Lucy Broadhurst (Lisbeth Hummel) is quite beauteous and she is about to be filthy rich, so long as she marries physically disabled and less than delightfully dimwitted French aristocrat Mathurin de l'Esperance (Pierre Benedetti), who runs his family’s horsebreeding business. Opening with a horrifically hung horse blowing its super load in a female horse’s seemingly lipsmacking vagina, The Beast immediately establishes sex as the most intrinsic, instinctive, and bestial act of animals, and humanity, being no less preoccupied with everything sex, is just another stupid and instinct-driven beast, albeit of the more sophisticatedly savage sort; or so a certain rapist monster learns when he encounters a cultivated aristocratic woman who not only knows how to pleasure a fiendish phallus with the glory between her legs, but also with her frisky feet. Mutant man Mathurin lives at a dilapidated chateau with his conspiring father Marquis Pierre de l'Esperance (Guy Tréjan), nymphomaniac sister Clarisse (Pascale Rivault), and a young black servant named Ifany. Miscegenation seems to be a pathological mania in the decidedly decadent de l'Esperance family as jaded blueblood bitch Clarisse has jungle fever as a positively posh proto-wigger with braided black broad hair who uses her ‘exotic primitive’ servant Ifany as a more than willing sex slave, but, unfortunately, he is always called during mid coitus to do real work around the house, so she constantly has to finish herself off by mounting her bedpost. When Lucy, who seems like a strung out Warhol Superstar like Viva due to her hyper-hedonism and erotomania, and her aunt Virginia (Elisabeth Kaza) arrive at the de l'Esperance manor, they are royally greated with two big black horny horses humping, but the prospective wife is never going to experience such bestial bliss with mangled Mathurin – a freakish frog of the feverishly feeble-minded persuasion. Instead, Lucy will become transfixed with one of Mathurin’s ancestors, Romilda de l'Esperance (Sirpa Lane) – a luscious lady in white who was buggered by a beast 200 years ago, yet ultimately prevailed in the end. Lucy learns about the ridiculously risqué tale of Romilda after noticing the large collection of zany Zoophilia art scattered around the marvelous, albeit moth-eaten, maniac mansion and questioning elderly wheelchair-bound cripple named Duc Rammendelo de Balo (Marcel Dalio of Jean Renoir’s Grand Illusion and The Rules of the Game), who Mathurin takes care of, so, naturally, he wants to destroy the wedding, thus he is more than willing to expose the fantastic and flaky fetishism of the historically flatitious family. Lucy becomes absurdly aroused by the story of Romilda and her ridiculously raunchy rendezvous with a rapist beast, which is depicted in an absurdist harpsichord-driven dream-sequence scene where the beast’s meaty member is the real star. Romilda inadvertently enables the beast to reach climax via her feet as she kicks his giant genitals in an attempt to escape, only to make the cursed creature all the more aroused, thus he is far from finished after one explosive orgasm as a potent personage, so he relentlessly rapes the positively petrified peeress and, to his superlatively salacious surprise, she begins to enjoy it, so much so that she becomes more bestial than the beast himself, and, quite ironically, fucks the ferocious feral fiend to death. Dreaming of Romilda, Lucy masturbates her ‘rosebud’ with a red rose, henceforth bringing ecstasy to her flesh flower, but her enjoyment won’t last long as she will soon learn something rather repugnant about Mathurin and his foul family's monstrous genetic legacy.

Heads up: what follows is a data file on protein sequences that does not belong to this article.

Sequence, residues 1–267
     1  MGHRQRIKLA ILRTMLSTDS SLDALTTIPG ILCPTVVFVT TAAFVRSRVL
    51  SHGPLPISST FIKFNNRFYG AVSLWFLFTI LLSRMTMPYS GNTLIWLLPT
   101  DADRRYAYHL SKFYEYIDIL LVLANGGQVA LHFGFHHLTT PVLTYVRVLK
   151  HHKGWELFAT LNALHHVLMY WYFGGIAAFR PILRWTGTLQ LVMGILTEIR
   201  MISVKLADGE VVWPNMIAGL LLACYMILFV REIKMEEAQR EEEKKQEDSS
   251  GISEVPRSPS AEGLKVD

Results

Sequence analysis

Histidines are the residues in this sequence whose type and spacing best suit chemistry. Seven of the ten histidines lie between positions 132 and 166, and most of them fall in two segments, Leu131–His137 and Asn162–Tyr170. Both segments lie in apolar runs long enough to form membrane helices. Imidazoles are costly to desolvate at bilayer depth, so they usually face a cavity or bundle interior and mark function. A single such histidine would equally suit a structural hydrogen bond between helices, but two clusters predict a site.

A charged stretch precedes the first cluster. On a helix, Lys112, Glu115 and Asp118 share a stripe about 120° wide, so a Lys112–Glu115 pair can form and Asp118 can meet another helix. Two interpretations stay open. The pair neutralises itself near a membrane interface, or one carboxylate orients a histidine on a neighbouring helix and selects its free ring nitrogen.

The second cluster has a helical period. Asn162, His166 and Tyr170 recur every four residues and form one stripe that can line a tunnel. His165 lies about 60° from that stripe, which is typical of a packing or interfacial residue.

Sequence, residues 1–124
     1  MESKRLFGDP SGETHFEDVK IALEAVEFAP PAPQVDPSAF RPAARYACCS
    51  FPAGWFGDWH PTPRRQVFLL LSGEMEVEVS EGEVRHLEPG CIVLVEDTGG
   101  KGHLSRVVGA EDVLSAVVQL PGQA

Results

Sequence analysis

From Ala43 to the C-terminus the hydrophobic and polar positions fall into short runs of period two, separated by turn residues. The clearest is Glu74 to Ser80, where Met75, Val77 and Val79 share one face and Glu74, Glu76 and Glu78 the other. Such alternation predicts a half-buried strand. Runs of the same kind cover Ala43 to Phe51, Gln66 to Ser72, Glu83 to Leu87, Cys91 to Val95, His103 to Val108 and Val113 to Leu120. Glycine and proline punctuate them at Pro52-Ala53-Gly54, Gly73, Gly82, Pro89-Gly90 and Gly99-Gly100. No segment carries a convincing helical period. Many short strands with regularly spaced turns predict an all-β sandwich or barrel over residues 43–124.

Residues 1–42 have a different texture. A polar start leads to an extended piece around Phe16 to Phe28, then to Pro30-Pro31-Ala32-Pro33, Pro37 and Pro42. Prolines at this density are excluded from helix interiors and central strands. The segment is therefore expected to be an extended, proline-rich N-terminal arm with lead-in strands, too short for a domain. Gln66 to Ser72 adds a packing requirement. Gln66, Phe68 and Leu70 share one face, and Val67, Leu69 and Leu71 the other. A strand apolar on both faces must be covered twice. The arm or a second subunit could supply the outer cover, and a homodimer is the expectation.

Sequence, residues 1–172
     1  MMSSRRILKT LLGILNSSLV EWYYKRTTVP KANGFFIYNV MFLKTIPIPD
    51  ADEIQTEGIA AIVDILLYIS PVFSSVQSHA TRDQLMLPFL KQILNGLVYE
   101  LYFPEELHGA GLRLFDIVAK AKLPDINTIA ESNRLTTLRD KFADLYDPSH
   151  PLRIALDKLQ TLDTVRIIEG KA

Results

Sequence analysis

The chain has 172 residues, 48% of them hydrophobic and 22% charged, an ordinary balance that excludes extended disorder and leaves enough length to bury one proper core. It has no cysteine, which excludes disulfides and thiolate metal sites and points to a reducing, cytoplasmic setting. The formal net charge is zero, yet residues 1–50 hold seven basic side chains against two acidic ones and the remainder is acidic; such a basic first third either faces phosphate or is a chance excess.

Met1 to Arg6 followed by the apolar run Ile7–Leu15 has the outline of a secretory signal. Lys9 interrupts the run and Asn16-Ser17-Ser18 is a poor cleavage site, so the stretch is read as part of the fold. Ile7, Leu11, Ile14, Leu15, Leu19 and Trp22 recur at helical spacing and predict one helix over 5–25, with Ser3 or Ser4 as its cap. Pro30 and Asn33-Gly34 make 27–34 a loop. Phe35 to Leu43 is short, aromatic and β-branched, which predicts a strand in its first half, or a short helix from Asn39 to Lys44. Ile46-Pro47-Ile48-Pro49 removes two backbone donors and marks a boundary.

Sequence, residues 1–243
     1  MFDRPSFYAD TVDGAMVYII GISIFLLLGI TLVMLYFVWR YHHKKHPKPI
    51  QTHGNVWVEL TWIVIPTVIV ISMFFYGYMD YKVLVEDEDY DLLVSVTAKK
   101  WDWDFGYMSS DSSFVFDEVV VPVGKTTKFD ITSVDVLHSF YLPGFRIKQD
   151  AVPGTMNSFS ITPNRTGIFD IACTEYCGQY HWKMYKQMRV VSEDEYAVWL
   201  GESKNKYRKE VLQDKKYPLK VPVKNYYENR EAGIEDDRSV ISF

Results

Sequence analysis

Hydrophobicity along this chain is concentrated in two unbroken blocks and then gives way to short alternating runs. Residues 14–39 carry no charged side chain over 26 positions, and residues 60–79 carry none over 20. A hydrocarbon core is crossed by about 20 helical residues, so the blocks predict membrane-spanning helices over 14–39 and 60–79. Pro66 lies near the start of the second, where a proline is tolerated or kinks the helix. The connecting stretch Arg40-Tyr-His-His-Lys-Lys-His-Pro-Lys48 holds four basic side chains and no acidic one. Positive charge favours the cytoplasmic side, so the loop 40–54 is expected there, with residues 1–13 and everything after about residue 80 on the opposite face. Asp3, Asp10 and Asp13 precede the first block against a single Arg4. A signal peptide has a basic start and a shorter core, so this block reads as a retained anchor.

Like Spanish surrealist auteur Luis Buñuel, peverted polack Walerian Borowczyk surely does not seem to have much veneration for the French upper-classes as especially exemplified in The Beast – a horrifically heretical yet suavely sardonic cinematic work that portrays froggy patricians as cripples, perverts, and mongrel mutants of misceginated cross-species blood. What makes The Beast especially interesting is that it portrays Frenchmen, especially of the poorly aged aristocracy, as those suffering from innate impurity of the insidious sort as they have a long history of colonizing various non-Europeans and creating hybrid races that, in some instances, would be the root of their own demise. For example, many of those that led the so-called Haitian Revolution, including Haitian founder father Alexandre Sabès Pétion and André Rigaud, were mulattos who where the spawn of wealthy French aristocrats who mated with Africans and thus were wealthy and educated and ultimately helping to lead the slave revolt against their fathers and fathers' homeland, thus bringing credibility to the satiric quote in William Klein's filmic farce Mr. Freedom (1969) that, "The French are the white man's burden," and not a problem just for people of the third world. Of course, like the guiding influence of H.P. Lovecraft’s novels – a hatred of race-mixing and an obsession with lost and dead civilizations that fell as a result of intermingling with racial monsters and beasts and thereupon spawning horrendous humanoids of the super subhuman and savage sort – The Beast is mainly rooted in the fear of tainted blood and the genetic degeneration such ungodly racial mixing sows. As the character Cardinal Joseph do Balo states upon learning of Mathurin’s bestial taint, “Bestiality, that is to say, copulating with an animal, is the most odious crime because it debases man, created in the image of God. It is most contrary to the laws of nature. That is why Leviticus…punished by death not only the guilty man or woman but also the beast itself.” Needless to say, the disastrously debauched de l'Esperance developed a perennial curse that day Romilda rolled around the grass with a beast some two centuries before. That being said, whether director Walerian Borowczyk’s intention or not, to me, The Beast, is the great pornographic parable about the perturbing perils of lustful jungle fever, because, after all, when you mate with an ill-equipped untermensch, all your subsequent ancestors will pay the price for a couple moments of savage copulation. 



-Ty E